No one before Mr. Berry thought to write a pop song about the headaches of paying bills or losing your change in a pay phone. In his 1987 autobiography, he wrote that the lyrics were “meant to describe most of the kinds of hassles a person encounters in everyday life.” The chugging, rapid-fire vocal delivery would inspire Mr. Dylan’s breakthrough word salad “Subterranean Homesick Blues,” and when Mr. Berry won the first PEN New England Song Lyrics of Literary Excellence Award in 2012, Mr. Dylan sent a congratulatory note saying, “That’s what too much monkey business will get ya.”

“Brown Eyed Handsome Man” (1956)

Mr. Berry said that this song — a sly and daring commentary on race relations — was written after an episode he witnessed outside a concert he was playing in California. (A Hispanic man was being handcuffed by the police when a woman ran up, screaming to let him go.) In typically masterful manner, Mr. Berry was able to draw effortlessly on the worlds of art (the Venus de Milo) and baseball to convey the wide-ranging allure of “brown-eyed” — barely encoded to mean “nonwhite” — men.
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“Roll Over Beethoven” (1956)

A declaration of musical independence for a new generation, “Beethoven” was initially aimed at Mr. Berry’s younger sister, who monopolized the family piano practicing classical music. The rest, he said, came “out of my sometimes unbelievably imaginative mind.” Famous covers of the song include versions by the Beatles, Jerry Lee Lewis and Electric Light Orchestra. Leonard Cohen once compared the song to Walt Whitman’s “barbaric yawp,” adding that “if Beethoven hadn’t rolled over, there’d be no room for any of us.”

“Havana Moon” (1956)

The Latin rhythm was based on Nat King Cole’s “Calypso Blues,” while the setting was picked up from Mr. Berry’s exposure to New York City’s Cuban population while he was performing at the Paramount in Brooklyn and at the Apollo Theater. But the exotic feel was matched to a universal narrative, straight out of an O. Henry story.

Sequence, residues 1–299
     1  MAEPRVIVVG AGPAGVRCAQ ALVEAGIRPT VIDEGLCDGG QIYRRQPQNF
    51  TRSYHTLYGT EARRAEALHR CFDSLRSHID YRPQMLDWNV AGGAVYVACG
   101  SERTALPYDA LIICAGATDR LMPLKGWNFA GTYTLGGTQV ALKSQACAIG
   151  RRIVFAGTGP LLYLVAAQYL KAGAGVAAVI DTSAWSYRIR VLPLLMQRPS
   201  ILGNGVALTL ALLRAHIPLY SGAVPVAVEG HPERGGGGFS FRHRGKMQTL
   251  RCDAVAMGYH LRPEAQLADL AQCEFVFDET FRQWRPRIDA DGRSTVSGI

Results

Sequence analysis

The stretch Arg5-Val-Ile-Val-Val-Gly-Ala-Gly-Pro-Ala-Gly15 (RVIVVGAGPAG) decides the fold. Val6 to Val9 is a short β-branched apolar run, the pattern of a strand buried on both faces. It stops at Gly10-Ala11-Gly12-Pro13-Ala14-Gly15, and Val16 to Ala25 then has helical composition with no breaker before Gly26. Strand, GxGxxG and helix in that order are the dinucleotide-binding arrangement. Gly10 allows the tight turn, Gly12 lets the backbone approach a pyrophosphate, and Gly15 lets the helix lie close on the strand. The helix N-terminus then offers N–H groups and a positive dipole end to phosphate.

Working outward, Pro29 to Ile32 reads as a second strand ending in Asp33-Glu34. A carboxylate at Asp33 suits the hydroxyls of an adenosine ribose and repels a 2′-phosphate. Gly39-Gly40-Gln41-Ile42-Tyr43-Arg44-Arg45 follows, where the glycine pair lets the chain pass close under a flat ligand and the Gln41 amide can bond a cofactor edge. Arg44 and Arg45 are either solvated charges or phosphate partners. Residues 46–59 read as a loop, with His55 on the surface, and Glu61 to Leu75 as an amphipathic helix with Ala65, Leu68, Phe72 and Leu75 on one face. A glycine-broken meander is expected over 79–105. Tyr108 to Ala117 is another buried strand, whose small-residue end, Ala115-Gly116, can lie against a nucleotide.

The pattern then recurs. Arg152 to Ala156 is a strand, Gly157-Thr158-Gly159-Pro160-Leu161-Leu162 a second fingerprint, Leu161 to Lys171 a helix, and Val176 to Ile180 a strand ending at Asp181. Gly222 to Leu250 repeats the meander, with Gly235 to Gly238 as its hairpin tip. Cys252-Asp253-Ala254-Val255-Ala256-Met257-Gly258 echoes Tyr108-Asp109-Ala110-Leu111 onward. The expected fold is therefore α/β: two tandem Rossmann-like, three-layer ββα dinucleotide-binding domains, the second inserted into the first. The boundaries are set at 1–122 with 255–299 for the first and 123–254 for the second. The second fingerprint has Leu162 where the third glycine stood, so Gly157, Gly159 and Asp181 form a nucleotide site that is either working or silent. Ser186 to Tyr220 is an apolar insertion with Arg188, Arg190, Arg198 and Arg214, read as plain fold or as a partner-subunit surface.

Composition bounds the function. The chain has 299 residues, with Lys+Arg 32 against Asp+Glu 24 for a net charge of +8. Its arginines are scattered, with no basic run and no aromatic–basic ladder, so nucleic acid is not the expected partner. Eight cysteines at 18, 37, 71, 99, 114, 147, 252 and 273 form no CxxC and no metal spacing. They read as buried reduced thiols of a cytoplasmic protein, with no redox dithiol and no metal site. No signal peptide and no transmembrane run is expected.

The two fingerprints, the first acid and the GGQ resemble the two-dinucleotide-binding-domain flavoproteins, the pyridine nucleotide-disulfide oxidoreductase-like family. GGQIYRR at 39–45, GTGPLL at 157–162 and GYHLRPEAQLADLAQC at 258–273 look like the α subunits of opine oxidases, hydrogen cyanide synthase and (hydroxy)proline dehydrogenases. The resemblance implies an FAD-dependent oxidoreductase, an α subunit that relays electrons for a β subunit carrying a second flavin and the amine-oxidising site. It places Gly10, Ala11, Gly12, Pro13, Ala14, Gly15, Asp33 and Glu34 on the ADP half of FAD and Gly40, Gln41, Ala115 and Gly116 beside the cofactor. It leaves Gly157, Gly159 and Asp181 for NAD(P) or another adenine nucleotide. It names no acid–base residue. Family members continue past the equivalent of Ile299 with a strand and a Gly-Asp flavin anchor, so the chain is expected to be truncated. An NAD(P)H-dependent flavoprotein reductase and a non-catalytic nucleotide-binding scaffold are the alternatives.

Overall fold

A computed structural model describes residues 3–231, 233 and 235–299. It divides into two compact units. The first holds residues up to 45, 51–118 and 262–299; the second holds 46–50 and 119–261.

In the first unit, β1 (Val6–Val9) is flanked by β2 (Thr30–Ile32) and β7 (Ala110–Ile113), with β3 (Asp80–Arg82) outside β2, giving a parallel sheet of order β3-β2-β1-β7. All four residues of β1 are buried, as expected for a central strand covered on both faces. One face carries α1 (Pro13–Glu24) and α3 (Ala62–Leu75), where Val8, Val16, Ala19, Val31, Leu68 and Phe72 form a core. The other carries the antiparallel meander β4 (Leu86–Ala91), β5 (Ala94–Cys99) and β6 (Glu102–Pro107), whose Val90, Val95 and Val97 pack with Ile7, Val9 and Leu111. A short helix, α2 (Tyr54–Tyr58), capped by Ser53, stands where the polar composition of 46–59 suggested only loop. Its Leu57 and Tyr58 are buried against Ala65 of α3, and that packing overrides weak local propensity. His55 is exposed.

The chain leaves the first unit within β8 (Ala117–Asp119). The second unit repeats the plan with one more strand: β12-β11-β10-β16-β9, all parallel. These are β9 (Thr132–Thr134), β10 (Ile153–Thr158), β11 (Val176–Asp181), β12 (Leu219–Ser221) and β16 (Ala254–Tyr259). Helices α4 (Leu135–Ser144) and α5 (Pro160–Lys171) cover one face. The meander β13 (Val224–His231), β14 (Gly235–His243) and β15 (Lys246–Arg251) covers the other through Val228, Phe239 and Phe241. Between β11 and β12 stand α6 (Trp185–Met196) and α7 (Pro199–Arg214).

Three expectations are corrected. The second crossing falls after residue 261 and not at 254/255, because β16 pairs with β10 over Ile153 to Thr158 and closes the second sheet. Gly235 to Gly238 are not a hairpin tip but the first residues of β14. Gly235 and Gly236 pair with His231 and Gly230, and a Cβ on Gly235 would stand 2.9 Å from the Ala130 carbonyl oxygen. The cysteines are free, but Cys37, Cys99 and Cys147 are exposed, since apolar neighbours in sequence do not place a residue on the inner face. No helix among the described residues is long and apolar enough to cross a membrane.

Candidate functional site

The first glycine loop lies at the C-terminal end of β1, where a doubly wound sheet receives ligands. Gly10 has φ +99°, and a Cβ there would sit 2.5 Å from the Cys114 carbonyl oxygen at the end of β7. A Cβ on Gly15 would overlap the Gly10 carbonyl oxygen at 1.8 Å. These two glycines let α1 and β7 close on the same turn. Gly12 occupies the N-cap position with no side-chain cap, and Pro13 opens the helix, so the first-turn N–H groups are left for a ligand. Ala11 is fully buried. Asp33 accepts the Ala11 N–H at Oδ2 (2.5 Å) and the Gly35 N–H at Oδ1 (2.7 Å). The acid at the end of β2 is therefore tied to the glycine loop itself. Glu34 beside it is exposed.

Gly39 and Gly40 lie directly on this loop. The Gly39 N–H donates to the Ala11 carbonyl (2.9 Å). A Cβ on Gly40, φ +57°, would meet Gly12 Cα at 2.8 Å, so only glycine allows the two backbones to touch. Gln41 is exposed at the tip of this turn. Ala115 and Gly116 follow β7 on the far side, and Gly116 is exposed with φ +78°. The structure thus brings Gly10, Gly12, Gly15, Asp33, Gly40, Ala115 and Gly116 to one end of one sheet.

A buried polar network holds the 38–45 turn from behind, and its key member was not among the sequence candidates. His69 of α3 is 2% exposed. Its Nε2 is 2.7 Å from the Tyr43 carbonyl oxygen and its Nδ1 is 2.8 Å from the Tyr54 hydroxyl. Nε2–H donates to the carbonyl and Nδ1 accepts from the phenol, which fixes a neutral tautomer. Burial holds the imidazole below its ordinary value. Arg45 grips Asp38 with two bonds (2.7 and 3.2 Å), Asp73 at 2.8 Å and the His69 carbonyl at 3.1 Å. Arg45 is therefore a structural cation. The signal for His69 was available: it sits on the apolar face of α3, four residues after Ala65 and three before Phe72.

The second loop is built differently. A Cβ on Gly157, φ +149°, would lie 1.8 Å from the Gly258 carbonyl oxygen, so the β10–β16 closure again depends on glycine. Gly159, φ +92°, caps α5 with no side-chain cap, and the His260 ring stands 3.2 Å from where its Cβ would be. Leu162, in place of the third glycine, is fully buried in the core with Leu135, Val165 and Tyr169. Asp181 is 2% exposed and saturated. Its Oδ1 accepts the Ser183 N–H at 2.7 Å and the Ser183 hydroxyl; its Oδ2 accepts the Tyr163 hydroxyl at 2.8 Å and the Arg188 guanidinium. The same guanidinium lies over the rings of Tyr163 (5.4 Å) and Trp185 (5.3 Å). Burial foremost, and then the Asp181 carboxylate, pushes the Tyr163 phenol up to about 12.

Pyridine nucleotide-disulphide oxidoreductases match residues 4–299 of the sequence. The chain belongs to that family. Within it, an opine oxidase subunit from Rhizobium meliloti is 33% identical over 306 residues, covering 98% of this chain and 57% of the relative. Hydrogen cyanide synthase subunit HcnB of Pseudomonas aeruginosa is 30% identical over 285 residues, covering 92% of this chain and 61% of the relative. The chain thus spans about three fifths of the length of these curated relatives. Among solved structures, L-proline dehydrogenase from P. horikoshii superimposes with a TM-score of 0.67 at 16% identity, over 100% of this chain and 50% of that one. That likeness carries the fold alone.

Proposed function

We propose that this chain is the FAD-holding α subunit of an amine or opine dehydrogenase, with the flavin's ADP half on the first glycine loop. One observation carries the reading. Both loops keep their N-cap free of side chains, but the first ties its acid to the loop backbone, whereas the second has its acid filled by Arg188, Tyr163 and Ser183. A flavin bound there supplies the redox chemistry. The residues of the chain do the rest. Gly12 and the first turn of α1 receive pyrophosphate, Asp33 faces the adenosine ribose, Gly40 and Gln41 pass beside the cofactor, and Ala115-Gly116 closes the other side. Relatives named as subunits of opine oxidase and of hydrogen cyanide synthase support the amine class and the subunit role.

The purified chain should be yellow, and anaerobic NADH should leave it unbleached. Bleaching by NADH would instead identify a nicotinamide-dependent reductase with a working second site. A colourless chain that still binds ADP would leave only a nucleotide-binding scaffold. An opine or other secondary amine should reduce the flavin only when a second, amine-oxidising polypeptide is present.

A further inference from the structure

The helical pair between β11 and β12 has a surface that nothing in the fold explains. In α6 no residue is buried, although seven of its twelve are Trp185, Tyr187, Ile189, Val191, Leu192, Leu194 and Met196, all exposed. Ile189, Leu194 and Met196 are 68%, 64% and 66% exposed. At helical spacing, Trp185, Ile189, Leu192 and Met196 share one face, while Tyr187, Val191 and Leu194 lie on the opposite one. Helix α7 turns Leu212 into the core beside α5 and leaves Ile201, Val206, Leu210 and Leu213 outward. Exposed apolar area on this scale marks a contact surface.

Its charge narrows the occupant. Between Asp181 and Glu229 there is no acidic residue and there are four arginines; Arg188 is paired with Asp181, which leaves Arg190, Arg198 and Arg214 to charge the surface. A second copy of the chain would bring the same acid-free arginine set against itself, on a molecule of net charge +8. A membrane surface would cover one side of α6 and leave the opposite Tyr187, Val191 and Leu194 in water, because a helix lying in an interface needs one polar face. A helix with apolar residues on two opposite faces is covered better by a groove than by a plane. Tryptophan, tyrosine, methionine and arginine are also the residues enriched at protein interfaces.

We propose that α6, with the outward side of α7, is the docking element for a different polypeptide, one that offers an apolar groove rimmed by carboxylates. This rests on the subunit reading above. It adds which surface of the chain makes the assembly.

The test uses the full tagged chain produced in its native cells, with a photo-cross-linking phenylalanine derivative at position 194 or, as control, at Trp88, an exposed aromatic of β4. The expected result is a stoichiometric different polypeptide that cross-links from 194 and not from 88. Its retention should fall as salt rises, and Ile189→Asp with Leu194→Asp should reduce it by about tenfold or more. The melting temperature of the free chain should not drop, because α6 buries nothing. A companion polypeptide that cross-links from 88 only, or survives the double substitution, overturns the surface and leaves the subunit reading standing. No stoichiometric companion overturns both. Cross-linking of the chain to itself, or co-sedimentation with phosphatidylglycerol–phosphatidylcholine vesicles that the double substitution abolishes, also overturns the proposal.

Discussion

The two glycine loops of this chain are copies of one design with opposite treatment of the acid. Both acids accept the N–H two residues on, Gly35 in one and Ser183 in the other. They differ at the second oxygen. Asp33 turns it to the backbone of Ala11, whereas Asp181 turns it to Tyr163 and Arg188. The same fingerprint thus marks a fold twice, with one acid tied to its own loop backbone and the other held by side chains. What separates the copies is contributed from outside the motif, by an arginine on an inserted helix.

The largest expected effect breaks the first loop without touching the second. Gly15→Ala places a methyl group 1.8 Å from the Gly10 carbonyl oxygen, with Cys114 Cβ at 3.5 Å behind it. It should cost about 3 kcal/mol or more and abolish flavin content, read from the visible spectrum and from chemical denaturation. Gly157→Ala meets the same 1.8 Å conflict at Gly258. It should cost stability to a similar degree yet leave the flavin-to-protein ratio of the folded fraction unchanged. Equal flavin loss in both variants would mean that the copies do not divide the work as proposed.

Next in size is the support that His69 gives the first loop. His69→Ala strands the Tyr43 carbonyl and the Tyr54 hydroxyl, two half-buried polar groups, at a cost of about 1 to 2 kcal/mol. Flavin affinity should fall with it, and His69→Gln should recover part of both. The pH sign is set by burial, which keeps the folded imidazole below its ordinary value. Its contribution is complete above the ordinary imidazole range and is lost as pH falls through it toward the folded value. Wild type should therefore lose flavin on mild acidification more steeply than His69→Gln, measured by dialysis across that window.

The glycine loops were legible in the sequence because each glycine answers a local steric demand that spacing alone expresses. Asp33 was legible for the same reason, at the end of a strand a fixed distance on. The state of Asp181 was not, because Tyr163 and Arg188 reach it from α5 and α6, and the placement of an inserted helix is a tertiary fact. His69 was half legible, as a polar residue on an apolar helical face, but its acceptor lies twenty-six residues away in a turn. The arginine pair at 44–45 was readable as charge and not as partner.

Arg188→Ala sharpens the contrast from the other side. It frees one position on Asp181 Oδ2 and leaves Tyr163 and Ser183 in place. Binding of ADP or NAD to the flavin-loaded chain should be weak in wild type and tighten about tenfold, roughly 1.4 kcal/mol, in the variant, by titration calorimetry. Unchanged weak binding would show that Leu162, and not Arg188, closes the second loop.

“School Day” (1957)

By 1957, rock ’n’ roll’s teenage takeover was complete, and Mr. Berry responded with a song that directly targeted these new consumers — set in the focal point of their daily life, regardless of race or class. He wrote that the stop-and-start rhythm was meant to reflect the “jumps and changes” he experienced in high school, compared with the one room/one teacher structure of elementary school. The final verse gave Mr. Berry’s genre its greatest rallying cry (and became the title of his 1988 concert film): “Hail! Hail! Rock ’n’ roll!”

“Rock and Roll Music” (1957)

The music itself was Mr. Berry’s greatest subject, and greatest muse. Laying out the merits of rock ’n’ roll against modern jazz, tango and symphonies, the popping rumba rhythm proved its own argument — “It’s got a backbeat, you can’t lose it.” The Beatles recorded a raucous version, and the Beach Boys had a Top 10 hit of this song that Mr. Berry intended to “hit the spot without question” and “define every aspect of [rock’s] being.”

“Johnny B. Goode” (1958)

If rock ’n’ roll has a national anthem, this would be it. The stinging introduction (pinched from the jump-blues star, and Mr. Berry’s greatest influence, Louis Jordan’s “Ain’t That Just Like a Woman”) set a standard that every rock guitarist still chases. The story, a semi-autobiographical rags-to-riches tale, is a classic articulation of the American Dream, though Mr. Berry was savvy enough to change the original lyric about a “colored boy” to “country boy” for a shot at radio play. The song has been covered countless times, with a memorable appearance in the movie “Back to the Future,” but its reach may go much further — Mr. Berry’s recording was one of four American songs included on the gold discs shot into the cosmos in 1977 on the Voyager I and II spacecraft.







Marty McFly performing “Johnny B. Goode” in the 1985 movie “Back to the Future.” Video by Movieclips

“Carol” (1958)

This is one of the few songs recorded by both the Beatles and the Rolling Stones. A simple story about a boy who needs to learn to dance to hold on to his girl, the description of the club they go to is so vivid you can practically smell it (“A little cutie takes your hat and you can thank her, ma’am/Every time you make the scene you find the joint is jammed”). The syncopated string bending of the intro led to an unforgettable argument between Mr. Berry and Keith Richards in the “Hail! Hail! Rock ’n’ Roll” documentary.